Austrian Researchers Test Recombinant Vaccine Using Altered Flu Virus as Vector for HIV Vaccine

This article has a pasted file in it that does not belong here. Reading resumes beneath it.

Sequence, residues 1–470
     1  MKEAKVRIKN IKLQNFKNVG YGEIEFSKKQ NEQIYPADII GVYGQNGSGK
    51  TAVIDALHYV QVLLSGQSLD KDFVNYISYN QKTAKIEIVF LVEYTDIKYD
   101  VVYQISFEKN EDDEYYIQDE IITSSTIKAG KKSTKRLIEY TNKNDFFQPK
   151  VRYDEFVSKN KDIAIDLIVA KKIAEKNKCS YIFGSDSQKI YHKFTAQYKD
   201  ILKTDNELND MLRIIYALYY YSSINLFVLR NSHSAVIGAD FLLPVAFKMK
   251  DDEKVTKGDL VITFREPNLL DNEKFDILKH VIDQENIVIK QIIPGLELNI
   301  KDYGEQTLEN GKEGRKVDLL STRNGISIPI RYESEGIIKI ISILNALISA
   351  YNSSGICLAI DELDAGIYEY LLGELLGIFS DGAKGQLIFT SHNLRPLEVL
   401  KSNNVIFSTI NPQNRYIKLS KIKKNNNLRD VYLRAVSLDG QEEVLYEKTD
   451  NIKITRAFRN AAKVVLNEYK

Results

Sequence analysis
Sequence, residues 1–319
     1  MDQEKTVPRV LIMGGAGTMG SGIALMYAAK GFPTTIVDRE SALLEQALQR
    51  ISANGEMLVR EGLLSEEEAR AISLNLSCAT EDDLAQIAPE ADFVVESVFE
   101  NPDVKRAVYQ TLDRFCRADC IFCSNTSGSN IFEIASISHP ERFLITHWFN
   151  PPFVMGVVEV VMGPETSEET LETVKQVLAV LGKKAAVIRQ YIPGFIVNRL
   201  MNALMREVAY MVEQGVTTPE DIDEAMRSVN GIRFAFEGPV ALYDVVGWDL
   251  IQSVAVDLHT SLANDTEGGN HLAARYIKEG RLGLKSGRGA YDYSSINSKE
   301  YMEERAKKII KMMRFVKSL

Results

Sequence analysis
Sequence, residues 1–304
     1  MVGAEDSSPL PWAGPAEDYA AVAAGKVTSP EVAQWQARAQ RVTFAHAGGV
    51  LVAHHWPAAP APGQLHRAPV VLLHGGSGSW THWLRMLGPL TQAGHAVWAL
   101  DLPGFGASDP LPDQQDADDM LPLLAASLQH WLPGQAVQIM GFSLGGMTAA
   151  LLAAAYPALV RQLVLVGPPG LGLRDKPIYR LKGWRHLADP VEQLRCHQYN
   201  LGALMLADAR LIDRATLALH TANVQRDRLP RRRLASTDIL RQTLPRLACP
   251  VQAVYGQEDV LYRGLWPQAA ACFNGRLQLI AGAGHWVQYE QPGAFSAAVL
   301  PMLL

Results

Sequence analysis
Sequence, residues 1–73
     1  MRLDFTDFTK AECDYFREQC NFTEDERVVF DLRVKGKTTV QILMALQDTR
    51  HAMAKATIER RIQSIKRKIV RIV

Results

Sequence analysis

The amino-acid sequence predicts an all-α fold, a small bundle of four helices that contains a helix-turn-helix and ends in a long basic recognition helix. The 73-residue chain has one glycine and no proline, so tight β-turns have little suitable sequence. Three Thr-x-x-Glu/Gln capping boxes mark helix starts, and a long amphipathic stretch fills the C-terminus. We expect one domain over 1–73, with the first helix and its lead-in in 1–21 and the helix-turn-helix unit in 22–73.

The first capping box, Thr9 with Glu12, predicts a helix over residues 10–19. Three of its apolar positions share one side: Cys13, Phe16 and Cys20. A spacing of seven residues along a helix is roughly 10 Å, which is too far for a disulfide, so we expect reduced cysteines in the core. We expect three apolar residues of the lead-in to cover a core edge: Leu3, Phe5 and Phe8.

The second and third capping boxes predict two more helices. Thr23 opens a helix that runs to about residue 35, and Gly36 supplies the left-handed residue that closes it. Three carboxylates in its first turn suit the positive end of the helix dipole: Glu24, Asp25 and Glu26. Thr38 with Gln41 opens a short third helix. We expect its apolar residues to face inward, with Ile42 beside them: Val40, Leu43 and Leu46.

Researchers from the Institute of Applied Microbiology in Vienna, Austria, recorded significant immune responses when they injected mice with a recombinant vaccine composed of flu virus "laced" with antigenic HIV, Reuters reports. In a study appearing in the October issue of the Journal of Virology, Dr. Boris Ferko and colleagues said that the mice "appeared to develop an immunity to [HIV] after getting the modified influenza." The researchers plan to conduct further vaccine tests in mice, injecting them with particles of HIV to test the vaccine's response. If those tests are successful, the researchers will then test the vaccine in primates. Ferko said his team is looking to conduct further research as part of an HIV research program funded by the European Union. "We think that recombinant influenza viruses are a promising vaccine candidate to help prevent or control various infectious diseases such as HIV," he said, adding that because the vaccine had been genetically altered it would be safe. More than 90 HIV vaccines have reached the human trial stage, but none have been approved for marketing (Charbonneau, Reuters, 10/12).This is part of the Morning Briefing, a summary of health policy coverage from major news organizations. Sign up for an email subscription.